First Amendment Doesn’t Protect Encouraging Readers to Make Anti-Semitic Attacks–Gersh v. Daily Stormer
Gersh, the plaintiff, is a realtor living in Whitefish, Montana. She heard about a planned protest of businesses housed in a building owned by Sherry Spencer, the mother of Richard Spencer. (Richard, among other things, went viral for getting punched in the face by an Inauguration day protester.) Sherry apparently called Gersh asking her what she should do, and Gersh said Sherry should sell the building, donate the profits, and disclaim Richard’s views. Sherry allegedly initially agreed and asked Gersh to represent her in the sale, but then changed her mind. She published a blog post accusing Gersh of threatening and harassing her into selling the property.
After Sherry’s blog post, Anglin published the first of thirty articles relating to Gersh in The Daily Stormer. I won’t repeat the titles here, but they generally attacked Gersh for being Jewish and called for a “troll storm” against Gersh. Anglin published publicly available contact information for Gersh, her husband, and her twelve-year old son, and encouraged his readers to contact Gersh and members of her family. Gersh received allegedly 700 hundred threatening and harassing anti-Semetic communications.
Gersh sued Anglin for invasion of privacy, intentional infliction of emotional distress, and violations of Montana’s Anti-Intimidation Act. The magistrate judge recently recommended rejecting Anglin’s First Amendment arguments.
Is Anglin’s Speech Protected Because It Doesn’t Fall Within an Exception?: The court first addresses whether Anglin’s speech fits within a recognized exception to the First Amendment. Gersh did not try to fit Anglin’s speech into a recognized exception (e.g., fighting words, solicitation). Instead, she encouraged the court to balance the parties’ interests and consider the record as a whole. The court agrees with Gersh and says that it can’t answer the question by classifying the speech in question. It must balance interests.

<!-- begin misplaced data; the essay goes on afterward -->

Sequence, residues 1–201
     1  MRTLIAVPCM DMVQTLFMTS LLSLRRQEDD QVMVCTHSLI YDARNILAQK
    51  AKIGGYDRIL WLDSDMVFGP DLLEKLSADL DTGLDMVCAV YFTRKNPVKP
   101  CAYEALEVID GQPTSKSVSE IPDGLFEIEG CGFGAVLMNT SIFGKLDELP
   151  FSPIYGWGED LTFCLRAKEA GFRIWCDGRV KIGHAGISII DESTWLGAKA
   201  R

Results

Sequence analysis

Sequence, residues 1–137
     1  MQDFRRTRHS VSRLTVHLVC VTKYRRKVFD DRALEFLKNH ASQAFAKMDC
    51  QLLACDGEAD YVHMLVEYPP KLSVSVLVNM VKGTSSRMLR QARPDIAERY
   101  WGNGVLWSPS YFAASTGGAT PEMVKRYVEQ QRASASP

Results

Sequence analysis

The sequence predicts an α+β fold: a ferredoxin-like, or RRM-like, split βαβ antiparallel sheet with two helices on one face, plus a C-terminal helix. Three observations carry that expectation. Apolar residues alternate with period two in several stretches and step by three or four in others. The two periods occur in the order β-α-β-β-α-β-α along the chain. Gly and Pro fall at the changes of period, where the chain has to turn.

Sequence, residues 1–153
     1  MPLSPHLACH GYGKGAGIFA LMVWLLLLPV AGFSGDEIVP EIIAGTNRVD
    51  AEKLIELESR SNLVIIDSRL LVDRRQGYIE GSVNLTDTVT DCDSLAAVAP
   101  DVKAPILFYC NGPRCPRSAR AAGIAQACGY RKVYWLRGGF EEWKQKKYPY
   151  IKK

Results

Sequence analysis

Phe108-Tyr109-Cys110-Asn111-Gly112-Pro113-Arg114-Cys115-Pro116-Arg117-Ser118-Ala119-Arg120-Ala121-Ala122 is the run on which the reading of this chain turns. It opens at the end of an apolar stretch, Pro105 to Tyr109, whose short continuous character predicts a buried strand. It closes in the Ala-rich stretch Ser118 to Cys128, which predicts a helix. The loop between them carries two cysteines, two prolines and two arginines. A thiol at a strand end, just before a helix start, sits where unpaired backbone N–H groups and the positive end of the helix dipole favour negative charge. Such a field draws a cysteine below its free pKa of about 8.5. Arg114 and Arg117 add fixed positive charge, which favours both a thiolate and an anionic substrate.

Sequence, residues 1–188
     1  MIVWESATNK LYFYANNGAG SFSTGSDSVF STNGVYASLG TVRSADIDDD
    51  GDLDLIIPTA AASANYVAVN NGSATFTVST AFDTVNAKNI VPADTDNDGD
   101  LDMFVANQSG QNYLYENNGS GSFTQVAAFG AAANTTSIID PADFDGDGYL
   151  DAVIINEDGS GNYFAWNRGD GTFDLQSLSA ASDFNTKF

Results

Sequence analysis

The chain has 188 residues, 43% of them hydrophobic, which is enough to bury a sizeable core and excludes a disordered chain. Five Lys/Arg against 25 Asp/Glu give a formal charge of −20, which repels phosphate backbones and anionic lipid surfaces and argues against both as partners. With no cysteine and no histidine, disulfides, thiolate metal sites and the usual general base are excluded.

Is the Speech a Matter of Public Concern?: This balancing involved several considerations about the nature of the speech and the topic in question. Anglin argued that the speech was a matter of public concern, which is entitled to the greatest protection. Anglin argued that he was merely discussing Gersh and her “participation in the collective community actions against Spencer. . . .” The court disagrees. The court says Gersh accuses Anglin of communications that have nothing to do with Gersh’s involvement with the Spencers, and that Anglin encouraged Anglin’s readers to send personal hateful, threatening, and harassing messages.
Is Gersh a Limited Purpose Public Figure?: Anglin also argued that Gersh was a limited purpose public figure because she injected herself into the controversy, which would change the level of scienter she would have to prove (i.e., if she was a public figure, it would ratchet up the level of fault required). The court rejects this argument also, saying that it’s not supported by the allegations in the complaint. The facts as alleged show that Gersh “reluctantly” agreed to talk to Sherry and, through that conversation, became embroiled in the dispute. [As a sidenote, the court’s recitation brought to mind that defendants will often make this argument, relying on a plaintiff’s social media activity and affiliation with Facebook cause pages.] Ultimately, the court says this is an issue that could benefit from better development of the record.
Does the “Captive Audience Doctrine” Apply?: The court also addresses the applicability of the “captive audience doctrine”, which says that the government may restrict otherwise protected speech where the speech invades the listener’s privacy interest. (Restricting unsolicited postal mail is the classic example.) Anglin argued that this allowed restriction of messages when they were intrusive, but not, as in this case here, where the messages are “directed to a distant cloud computer servers to which the individual must affirmatively reach out to acquire.” The court also punts on this, but says Anglin’s claims are not dependent on application of this doctrine.
Can Anglin be Held Liable for the Speech of his Readers?: Anglin also raised a First Amendment argument against his being held liable for his readers’ speech. He also argued that Gersh did not allege a sufficient basis under state law. The court says Gersh adequately alleges that Anglin offered “substantial assistance” (or encouragement) to the readers who sent the offensive messages: